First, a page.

Part of the job of a developer and any business owner is to understand what customers (or users) want. Often you have to try and work this out for yourself. If you're fortunate they'll tell you what they think or what they think they want. The trick of being a good business owner, or product manager, or customer relations person, or developer working from a spec is being able to take what is said and working out what is meant.

Reviews are great feedback. Let's see what the person who left the above review might be telling us. With no more context, we have to guess at some of it but let's what they might be saying as an exercise in trying to understand the user and identify ways of improving a product.

  • This app does all they want. It's important to recognize that we're in a positive place and we want to make it even better. Don't start by being defensive and critical of what is mostly positive feedback. This is a learning opportunity.
  • But they don't think it's perfect. The opportunity for improvement.
  • Doing more than they need may be a problem. The challenge here is finding out why this is the case.
  • Maybe there are so many features, options, and pieces of functionality it's hard to get to the ones they want.
  • Maybe the features they want are at the bottom of or hidden in, a long list that the person has to search through each time.
  • Maybe the terms the app uses aren't the ones the person uses and so they are forced to remember (or figure out--through trial and error) the translations each time they use the app.
  • Maybe it's hard to do the things that they want, even though they are possible.
  • Maybe they have to navigate through multiple pages/sections/menus to get to the functionality they want.
  • Maybe the app has ways around the issue they're encountering but they don't know how and so it's just an education issue.

So, what could be done about this?

  • If possible, seek clarification.
  • Consolidate this feedback with what others are saying.
  • Address the concerns once it's known what they are.
    My guess is that the ability to mark options as favorites or maintain a recently used list will help but it's worth exploring the possible other issues highlighted above to see if they're issues too.


Sunday, January 05, 2020

The specified ITextSnapshot doesn't belong to the correct TextBuffer - a solution

I'm assuming you're reading this because you encountered this error message in a Visual Studio log and didn't know what to do about it.

"The specified ITextSnapshot doesn't belong to the correct TextBuffer."

You may even have found a number of other blog and forum posts looking for answers but finding none.
I've been there myself.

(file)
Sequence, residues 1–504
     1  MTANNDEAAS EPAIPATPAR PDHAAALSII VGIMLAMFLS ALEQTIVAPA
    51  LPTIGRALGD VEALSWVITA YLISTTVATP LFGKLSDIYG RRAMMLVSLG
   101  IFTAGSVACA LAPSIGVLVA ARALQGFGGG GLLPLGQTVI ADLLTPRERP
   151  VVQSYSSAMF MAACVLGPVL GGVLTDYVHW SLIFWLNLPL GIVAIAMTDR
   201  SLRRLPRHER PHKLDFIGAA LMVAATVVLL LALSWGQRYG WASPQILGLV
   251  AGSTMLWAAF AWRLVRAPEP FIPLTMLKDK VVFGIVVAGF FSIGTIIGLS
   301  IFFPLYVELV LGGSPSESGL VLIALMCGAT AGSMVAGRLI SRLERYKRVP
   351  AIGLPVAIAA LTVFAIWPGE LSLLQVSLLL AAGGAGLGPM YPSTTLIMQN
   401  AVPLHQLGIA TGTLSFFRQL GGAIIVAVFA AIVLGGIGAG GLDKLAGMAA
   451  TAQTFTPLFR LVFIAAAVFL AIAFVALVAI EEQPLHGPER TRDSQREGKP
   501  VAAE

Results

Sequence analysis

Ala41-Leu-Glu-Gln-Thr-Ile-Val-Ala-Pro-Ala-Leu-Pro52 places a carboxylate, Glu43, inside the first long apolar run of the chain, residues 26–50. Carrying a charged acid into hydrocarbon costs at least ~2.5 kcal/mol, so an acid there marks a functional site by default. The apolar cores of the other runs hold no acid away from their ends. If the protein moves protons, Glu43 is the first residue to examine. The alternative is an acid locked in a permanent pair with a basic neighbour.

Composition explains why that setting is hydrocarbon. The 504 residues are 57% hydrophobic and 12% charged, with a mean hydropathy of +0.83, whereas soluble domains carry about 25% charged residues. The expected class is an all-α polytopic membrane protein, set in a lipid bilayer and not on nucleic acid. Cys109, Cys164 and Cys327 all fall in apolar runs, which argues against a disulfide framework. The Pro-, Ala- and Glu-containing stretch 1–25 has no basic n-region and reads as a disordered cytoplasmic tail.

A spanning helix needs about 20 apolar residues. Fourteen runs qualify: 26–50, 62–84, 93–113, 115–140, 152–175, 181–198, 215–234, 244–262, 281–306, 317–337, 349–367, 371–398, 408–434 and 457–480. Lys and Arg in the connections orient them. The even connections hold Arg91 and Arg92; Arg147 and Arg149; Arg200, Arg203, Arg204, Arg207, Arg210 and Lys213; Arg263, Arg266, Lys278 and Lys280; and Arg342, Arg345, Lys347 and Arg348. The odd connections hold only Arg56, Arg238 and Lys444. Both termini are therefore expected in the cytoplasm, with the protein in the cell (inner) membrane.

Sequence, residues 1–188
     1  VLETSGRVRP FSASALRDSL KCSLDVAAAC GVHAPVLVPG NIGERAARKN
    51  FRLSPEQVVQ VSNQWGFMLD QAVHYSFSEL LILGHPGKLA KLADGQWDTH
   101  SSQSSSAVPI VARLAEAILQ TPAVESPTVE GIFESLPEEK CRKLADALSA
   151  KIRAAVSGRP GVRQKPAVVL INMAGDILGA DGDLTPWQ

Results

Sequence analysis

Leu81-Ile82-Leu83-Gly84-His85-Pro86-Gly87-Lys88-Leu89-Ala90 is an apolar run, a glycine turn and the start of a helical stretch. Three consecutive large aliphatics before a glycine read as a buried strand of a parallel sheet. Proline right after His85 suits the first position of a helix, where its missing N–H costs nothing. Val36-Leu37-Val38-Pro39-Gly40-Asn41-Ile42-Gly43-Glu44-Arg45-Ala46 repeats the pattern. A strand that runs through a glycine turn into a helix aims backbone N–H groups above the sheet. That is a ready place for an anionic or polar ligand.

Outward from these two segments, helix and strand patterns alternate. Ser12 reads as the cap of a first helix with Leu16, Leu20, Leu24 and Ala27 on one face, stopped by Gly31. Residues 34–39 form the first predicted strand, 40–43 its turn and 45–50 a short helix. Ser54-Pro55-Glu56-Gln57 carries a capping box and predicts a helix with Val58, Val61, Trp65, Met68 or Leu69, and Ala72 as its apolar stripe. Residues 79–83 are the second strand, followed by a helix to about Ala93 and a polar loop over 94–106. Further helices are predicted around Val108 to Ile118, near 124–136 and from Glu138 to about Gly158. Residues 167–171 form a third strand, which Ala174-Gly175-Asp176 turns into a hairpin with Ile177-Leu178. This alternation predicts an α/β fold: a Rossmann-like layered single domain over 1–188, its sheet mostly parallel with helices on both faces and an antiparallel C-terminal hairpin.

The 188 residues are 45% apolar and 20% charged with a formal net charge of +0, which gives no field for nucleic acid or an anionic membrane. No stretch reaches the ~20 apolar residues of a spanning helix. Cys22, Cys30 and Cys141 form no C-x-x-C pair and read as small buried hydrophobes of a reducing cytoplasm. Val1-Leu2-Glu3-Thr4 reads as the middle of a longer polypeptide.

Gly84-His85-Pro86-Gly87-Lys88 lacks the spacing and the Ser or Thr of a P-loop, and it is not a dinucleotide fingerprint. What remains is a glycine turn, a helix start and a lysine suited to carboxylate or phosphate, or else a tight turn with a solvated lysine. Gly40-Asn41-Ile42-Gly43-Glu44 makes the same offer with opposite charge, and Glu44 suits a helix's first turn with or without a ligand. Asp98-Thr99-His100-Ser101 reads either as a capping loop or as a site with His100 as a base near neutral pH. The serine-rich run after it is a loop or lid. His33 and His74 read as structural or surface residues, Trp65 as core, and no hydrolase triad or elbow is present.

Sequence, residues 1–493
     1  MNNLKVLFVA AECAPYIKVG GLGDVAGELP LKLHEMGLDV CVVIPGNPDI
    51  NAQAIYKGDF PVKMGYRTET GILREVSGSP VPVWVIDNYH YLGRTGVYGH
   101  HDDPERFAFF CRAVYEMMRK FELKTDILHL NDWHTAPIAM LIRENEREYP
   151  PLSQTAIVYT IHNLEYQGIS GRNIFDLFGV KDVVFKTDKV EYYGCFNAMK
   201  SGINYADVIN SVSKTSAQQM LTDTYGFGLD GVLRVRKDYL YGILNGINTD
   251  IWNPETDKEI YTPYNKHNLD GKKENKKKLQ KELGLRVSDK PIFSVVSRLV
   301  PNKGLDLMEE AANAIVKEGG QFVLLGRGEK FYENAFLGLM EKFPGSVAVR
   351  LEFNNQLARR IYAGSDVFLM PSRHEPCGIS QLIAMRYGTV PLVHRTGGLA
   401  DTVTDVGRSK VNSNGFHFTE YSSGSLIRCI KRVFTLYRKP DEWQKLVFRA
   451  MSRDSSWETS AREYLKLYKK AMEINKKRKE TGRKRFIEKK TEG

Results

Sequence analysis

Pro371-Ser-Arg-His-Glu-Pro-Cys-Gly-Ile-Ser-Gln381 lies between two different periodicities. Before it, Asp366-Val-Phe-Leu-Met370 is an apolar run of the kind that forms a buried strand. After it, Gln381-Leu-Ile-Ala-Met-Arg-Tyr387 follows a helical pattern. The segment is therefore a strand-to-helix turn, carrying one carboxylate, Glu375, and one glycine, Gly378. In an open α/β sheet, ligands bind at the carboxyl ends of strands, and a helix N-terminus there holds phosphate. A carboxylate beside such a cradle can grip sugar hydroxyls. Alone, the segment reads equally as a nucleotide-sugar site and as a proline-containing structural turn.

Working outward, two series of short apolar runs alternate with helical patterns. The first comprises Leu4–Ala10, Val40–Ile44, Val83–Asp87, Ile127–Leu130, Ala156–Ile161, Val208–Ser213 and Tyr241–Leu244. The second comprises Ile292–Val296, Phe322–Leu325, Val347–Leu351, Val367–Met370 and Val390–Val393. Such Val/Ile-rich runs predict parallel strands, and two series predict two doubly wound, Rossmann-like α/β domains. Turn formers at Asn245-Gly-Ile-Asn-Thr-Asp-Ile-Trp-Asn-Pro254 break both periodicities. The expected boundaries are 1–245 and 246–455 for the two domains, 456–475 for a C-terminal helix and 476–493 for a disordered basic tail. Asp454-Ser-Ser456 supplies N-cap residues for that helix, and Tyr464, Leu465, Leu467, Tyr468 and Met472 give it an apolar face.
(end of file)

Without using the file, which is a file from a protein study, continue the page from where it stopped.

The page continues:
This is a record of how I fixed this issue. This applies to how I addressed it in an extension I'm writing. If you're just using VS and not writing an extension yourself this is unlikely to be useful or interesting. If you are investigating this because of an extension you're writing, please note that you might be having this issue because of another issue to me.

Disclaimer over, I noticed this error occurring when a config file was deleted from the project.

The call stack in the log wasn't immediately helpful either.

System.ArgumentException: The specified ITextSnapshot doesn't belong to the correct TextBuffer.
   at Microsoft.VisualStudio.Text.SnapshotSpan.TranslateTo(ITextSnapshot targetSnapshot, SpanTrackingMode spanTrackingMode)
   at Microsoft.VisualStudio.Text.Tagging.Implementation.TagAggregator`1.<GetTagsForBuffer>d__47.MoveNext()
   at Microsoft.VisualStudio.Text.Tagging.Implementation.TagAggregator`1.<InternalGetTags>d__51.MoveNext()
   at System.Collections.Generic.List`1..ctor(IEnumerable`1 collection)
   at Microsoft.VisualStudio.Text.AdornmentLibrary.Squiggles.Implementation.SquiggleVisualManager.GetNormalizedSquiggleSpanCollections(ITextViewLine line)
   at Microsoft.VisualStudio.Text.AdornmentLibrary.Squiggles.Implementation.SquiggleVisualManager.UpdateVisualsOn(IEnumerable`1 lines, Boolean removeOldSquiggles)
   at Microsoft.VisualStudio.Text.AdornmentLibrary.Squiggles.Implementation.SquiggleVisualManager.UpdateSquigglesOnInvalidatedSpans()
   at Microsoft.VisualStudio.Text.AdornmentLibrary.Squiggles.Implementation.SquiggleVisualManager.OnLayoutChanged(Object sender, TextViewLayoutChangedEventArgs e)
   at Microsoft.VisualStudio.Text.Utilities.GuardedOperations.RaiseEvent[TArgs](Object sender, EventHandler`1 eventHandlers, TArgs args)

However, on reflection, it did provide a hint.
The mention of `GetTagsForBuffer` made me look at what I was doing with tagging.

In my `ITagger<T>` implementation I was using a cache of created tags to avoid needing to recreate them unnecessarily. However, it seems that changing the project that an open file is in causes a new TextBuffer to be created.
The consequence of this is that my cached tags now refer to a Snapshot with a different TextBuffer and that causes VS to have (but log) an exception.

My solution is that in the GetTags method, I check that the TextBuffer of the NormalizedSnapshotSpanCollection matches the TextBuffer of the SnapShot of the cached tags.
I only return the tags if they do match and if they don't I invalidate the cache for that file.

Hopefully, this helps save someone else some time trying to debug a similar issue.